August 2 , 2017 – Fort Russ News –
In 2002, the United States unilaterally and without consultation, withdrew from the landmark Anti-Ballistic Missile (ABM) Treaty. President George W. Bush noted that the treaty is “now behind us,” describing the ABM Treaty as a Cold War relic.
Signed in 1972, the ABM Treaty barred both the US and the USSR from deploying national defenses against long-range ballistic missiles. The treaty was based on the premise that if either superpower constructed a strategic defense, the other would build up its offensive nuclear forces to offset the defense.
The superpowers would therefore quickly be put on a path toward a never-ending offensive-defensive arms race, as each tried to balance its counterpart’s actions. Until Bush Jnr took office, the Treaty was referred to as a “cornerstone of strategic stability” because it facilitated later agreements, reducing U.S. and Russian strategic nuclear arsenals.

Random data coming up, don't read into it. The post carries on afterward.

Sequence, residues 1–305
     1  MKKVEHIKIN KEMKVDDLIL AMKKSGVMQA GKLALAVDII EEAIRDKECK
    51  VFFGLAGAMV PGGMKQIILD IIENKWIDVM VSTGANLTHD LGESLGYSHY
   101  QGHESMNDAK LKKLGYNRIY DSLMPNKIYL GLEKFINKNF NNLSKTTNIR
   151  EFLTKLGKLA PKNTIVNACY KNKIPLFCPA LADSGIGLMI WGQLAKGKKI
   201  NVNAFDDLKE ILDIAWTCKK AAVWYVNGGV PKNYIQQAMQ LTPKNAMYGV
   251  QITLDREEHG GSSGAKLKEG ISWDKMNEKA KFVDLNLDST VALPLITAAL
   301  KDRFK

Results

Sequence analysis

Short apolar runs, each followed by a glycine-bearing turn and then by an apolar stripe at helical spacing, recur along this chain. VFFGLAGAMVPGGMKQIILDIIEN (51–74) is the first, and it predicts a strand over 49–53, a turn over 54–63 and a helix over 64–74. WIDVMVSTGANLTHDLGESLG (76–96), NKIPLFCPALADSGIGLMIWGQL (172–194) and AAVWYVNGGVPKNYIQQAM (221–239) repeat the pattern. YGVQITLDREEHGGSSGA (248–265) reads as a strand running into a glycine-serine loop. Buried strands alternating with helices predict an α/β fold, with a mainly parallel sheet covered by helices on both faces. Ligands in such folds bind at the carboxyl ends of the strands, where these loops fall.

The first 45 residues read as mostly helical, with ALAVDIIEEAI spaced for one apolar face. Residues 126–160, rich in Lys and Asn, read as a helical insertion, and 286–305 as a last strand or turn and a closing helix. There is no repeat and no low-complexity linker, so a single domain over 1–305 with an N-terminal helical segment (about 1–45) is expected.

The US, assuming that a weakened Russia will never again be in a position to counter US hegemonic power, proceeded to encroach on Russia’s borders through its manipulation of NATO objectives.
n anti-missile defense system is only that in name, but in actuality is a weapon of offense that is designed to work in conjunction with a defense mechanism. If it were to strike first – it could reach to beyond Russia’s Ural Mountains range. By placing anti-missile defense systems in Europe and in Alaska, Russia is directly threatened by NATO’s offensive potential.
Footage outtake is from “I, Putin: a Portrait” a 2012 documentary by Hubert Seipel.
Skip ahead to 1:17 for the video to begin.